Tag Archive | "Criminal Law Solicitors’ Association"

Legal aid reforms and the election

According to the ‘Law Gazette’, lord chancellor Chris Grayling may not be able to proceed with his controversial legal aid reforms, even if he emerges victorious from a challenge heard in the Court of Appeal last week.

The Law Society and practitioner groups the Criminal Law Solicitors’ Association and London Criminal Courts Solicitors’ Association are appealing against Chris Grayling’s decision to press ahead with two-tier contracts for criminal legal aid. Government plans could result in some of the most vulnerable people being denied access to legal representation when they are accused of a crime. Read the full story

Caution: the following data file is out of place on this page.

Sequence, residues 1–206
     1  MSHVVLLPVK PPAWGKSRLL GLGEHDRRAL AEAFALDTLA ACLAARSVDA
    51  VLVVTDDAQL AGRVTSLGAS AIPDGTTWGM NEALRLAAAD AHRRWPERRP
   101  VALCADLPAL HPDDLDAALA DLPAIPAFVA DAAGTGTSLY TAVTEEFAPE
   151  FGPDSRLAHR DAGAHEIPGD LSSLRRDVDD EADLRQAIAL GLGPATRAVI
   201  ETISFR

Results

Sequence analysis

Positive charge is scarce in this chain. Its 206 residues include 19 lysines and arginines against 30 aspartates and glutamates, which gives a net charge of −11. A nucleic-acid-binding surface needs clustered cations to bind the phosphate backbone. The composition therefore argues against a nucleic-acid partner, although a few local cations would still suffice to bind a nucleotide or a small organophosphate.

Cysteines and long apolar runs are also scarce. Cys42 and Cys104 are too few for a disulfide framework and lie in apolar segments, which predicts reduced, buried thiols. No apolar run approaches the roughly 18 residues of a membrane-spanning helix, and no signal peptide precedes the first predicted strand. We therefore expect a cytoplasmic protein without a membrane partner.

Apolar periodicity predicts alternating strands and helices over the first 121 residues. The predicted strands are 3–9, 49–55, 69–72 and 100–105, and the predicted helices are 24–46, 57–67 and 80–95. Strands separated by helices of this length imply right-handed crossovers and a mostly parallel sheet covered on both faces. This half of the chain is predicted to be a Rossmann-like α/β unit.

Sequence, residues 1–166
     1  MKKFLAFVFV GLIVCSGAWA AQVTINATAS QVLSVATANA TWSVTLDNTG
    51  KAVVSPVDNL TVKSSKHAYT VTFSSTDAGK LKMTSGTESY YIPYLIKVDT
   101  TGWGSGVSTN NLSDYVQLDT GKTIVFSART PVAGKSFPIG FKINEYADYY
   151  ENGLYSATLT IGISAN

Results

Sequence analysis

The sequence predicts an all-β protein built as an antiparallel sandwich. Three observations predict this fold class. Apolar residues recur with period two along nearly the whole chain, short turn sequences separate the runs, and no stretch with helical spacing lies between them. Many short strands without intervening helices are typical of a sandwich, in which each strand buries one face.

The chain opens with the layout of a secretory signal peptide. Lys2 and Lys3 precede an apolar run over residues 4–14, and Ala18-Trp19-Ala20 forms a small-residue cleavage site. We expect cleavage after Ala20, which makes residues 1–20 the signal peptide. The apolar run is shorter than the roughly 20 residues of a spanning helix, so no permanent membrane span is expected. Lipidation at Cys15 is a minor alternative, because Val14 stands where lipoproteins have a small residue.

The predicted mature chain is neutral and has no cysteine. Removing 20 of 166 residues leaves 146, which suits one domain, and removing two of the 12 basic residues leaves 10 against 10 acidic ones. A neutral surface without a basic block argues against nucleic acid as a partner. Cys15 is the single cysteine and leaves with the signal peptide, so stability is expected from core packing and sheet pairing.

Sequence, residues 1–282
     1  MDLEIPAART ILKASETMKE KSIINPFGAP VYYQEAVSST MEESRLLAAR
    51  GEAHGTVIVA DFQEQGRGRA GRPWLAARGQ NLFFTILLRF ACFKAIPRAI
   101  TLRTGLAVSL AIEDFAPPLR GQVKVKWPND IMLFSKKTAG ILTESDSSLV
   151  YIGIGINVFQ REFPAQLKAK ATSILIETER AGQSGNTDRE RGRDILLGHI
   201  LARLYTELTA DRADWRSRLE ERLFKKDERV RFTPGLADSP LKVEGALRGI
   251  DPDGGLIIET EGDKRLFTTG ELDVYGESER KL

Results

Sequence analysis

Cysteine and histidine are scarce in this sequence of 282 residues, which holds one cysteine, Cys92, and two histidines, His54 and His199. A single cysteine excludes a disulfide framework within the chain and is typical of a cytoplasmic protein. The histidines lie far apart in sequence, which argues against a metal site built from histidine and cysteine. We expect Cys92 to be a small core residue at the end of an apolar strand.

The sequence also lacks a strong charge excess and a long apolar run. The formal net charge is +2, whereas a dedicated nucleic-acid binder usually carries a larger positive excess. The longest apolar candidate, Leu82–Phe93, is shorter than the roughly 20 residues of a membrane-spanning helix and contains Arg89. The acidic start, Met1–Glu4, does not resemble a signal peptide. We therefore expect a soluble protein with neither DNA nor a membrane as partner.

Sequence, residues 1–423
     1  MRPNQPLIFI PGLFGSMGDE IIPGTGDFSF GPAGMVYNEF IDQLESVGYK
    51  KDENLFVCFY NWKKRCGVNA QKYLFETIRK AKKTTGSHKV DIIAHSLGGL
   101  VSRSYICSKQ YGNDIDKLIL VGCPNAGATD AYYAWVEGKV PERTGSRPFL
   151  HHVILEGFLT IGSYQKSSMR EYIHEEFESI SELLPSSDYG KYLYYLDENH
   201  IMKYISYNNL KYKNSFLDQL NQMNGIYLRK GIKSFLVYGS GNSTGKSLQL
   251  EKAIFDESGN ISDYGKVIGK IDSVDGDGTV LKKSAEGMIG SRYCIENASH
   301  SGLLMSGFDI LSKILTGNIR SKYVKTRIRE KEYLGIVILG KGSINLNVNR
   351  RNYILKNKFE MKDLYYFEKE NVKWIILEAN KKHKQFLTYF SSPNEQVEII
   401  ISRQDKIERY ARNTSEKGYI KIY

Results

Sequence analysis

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Legal Aid Judicial Review

A last-ditch challenge to the lord chancellor’s legal aid reforms was thrown out by the High Court on Tuesday. The Law Society and practitioner groups are seeking an appeal.

Lord Justice Laws and Mr Justice Cranston heard challenges last month by the Law Society and practitioner groups the Criminal Law Solicitors’ Association (CLSA) and London Criminal Courts Solicitors’ Association (LCCSA) to Chris Grayling’s decision to press ahead with two-tier contracts for criminal legal aid. Read the full story

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The Response Hub

When the MoJ announced that they were consulting on the reports undertaken by Otterburn Legal Consulting and KPMG they stated that the consultation, ‘Transforming Legal Aid: crime duty contracts’, would close on 15 October.